- You can visit for free if you choose not to take the tour but I seriously recommend you join it as it only costs a few pounds and looking around the inner chamber is a fascinating experience.
- It’s a memorable place to visit and kids will love the boat ride.
- The surrounding coastline is worth a visit too and there are superb walks along the clifftops.
- Try to time your visit after a heavy downpour as the freshwater waterfall is spectacular.
- There are cafés in Durness but if the weather is warm enough take a picnic and sit near the cliff tops for an amazing view. Toilets can be found in the car park.
- Definitely go for a coastal walk along the path opposite the cave entrance. It’s a stunning area. Faraid Head is a wee bit further west which is highly recommended for its beaches and wildlife, as is Talmine Bay to the east.
Click the map for directions
Photo gallery and video
Things to do near Smoo Cave
- Balnakeil Craft Village. 21E Craft Village, Balnakeil, Durness, Lairg IV27 4PT. 3-minute drive. An independent craft village located near the village of Durness. Local artists sell a variety of artworks including pottery, paintings and woodwork. There is a café on site.
- Sango Bay. 2010 A838, Lairg IV27 4QA. 2-minute drive. Scenic beach with sea stacks. The beach is renowned for the crystal clear sea in the bay that is ideal for swimming and snorkelling. There are clifftop walks along the coastline and there are several campsites nearby.
- Balnakeil Beach. Lairg IV27 4PX. 5-minute walk. A wide, sweeping stretch of golden sand dunes that overlook the Kyle of Durness and the Achiemore peninsula. Parking is available near the ruins of historic Balnakeil Church.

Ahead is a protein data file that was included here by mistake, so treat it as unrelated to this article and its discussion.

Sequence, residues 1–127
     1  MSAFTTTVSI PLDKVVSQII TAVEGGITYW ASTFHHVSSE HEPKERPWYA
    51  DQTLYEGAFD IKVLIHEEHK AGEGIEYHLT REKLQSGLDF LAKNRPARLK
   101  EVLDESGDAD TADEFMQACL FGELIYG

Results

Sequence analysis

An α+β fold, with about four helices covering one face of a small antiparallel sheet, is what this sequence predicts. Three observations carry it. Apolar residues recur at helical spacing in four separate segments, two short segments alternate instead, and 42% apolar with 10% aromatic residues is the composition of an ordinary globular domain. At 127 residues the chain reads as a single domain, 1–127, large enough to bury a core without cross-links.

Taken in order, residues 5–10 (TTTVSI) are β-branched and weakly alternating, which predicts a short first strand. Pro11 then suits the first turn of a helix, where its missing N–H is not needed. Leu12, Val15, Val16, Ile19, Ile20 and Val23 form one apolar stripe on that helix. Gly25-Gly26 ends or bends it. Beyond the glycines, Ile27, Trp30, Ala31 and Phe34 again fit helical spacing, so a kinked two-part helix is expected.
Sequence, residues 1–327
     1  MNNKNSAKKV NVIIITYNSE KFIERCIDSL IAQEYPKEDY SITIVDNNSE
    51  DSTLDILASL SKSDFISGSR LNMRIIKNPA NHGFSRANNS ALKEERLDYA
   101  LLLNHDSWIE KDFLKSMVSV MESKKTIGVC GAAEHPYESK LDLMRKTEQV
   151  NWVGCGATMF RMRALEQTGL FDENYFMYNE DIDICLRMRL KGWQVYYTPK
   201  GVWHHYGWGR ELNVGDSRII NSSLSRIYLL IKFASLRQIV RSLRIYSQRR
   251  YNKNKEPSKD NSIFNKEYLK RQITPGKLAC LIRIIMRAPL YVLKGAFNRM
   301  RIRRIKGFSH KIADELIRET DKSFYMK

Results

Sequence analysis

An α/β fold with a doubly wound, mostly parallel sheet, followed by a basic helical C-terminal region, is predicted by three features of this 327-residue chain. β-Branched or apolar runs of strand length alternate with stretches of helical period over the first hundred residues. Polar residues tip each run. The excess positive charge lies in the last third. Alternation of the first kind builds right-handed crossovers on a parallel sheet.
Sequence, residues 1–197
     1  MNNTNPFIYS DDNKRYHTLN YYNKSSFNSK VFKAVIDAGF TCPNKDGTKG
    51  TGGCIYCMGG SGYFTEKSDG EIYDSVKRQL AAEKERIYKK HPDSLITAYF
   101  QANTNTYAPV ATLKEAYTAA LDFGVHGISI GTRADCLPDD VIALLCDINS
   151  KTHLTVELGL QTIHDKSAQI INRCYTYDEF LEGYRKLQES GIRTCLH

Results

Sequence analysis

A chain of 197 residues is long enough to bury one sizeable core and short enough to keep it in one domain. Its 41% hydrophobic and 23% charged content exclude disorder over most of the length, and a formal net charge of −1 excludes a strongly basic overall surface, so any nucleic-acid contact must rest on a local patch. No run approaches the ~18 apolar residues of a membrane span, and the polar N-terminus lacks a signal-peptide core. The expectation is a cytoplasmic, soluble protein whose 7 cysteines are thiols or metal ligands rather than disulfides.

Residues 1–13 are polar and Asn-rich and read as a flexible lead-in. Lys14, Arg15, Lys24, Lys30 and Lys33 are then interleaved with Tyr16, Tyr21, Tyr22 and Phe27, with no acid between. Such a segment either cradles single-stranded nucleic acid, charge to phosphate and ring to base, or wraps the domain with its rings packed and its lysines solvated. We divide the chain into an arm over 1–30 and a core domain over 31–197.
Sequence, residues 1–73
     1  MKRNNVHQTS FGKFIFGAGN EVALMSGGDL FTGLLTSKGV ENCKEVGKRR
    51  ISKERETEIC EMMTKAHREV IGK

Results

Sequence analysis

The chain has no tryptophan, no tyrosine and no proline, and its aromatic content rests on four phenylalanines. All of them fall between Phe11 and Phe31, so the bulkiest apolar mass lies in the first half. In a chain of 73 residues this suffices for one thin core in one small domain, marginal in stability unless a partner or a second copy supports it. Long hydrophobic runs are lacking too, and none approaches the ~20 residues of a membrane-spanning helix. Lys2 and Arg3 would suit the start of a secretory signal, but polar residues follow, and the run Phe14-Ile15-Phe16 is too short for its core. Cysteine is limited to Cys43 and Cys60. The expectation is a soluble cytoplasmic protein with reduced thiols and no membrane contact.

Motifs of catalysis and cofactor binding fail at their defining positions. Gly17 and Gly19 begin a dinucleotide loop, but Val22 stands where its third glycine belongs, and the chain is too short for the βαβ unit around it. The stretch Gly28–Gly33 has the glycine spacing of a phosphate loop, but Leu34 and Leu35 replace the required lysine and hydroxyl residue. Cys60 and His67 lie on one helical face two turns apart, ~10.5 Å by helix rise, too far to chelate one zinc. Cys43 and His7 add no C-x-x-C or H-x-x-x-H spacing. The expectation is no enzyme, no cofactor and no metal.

- Durness. A838, Durness, Lairg IV27 4PN. 3-minute drive. A small country village that is lightly populated but frequently visited thanks to its central location that offers access to the coastline. There is a store (one of the few in the area) in the village centre.
- Ceannabeinne Beach. A838, Lairg IV27 4QE. 5-minute drive. Popular beach that draws visitors to its clean white sand and crystal clear sea. The shallow water is frequently used by kayakers and people brave enough to swim to nearby Eilean Hoan island.
More places to visit in The Highlands
- The Highland Wildlife Park – Highland: Complete Visitor GuideSitting in around 260 acres of beautifully managed parkland in the Cairngorms, the Highland Wildlife Park showcases some of the wildlife that can be found in the mountains and wilderness areas of Scotland, as well as several species that are currently endangered in mountainous regions all over the world.
- The Cairngorm Mountain Funicular – Highland: Complete Visitor GuideThe Cairngorm mountain is the UK’s sixth-highest and is well-known for being Scotland’s premier snowsports destination.
- The Glenfinnan Monument – Inverness-shire: Complete Visitor GuideThe Glenfinnan Monument sits at the north-east head of Loch Shiel where it has commanded spectacular views of the Highland landscape since its construction in 1815.
- The Complete Guide to Free Attractions in The HighlandsDiscover the best free attractions in Scotland with my list of free attractions in The Highlands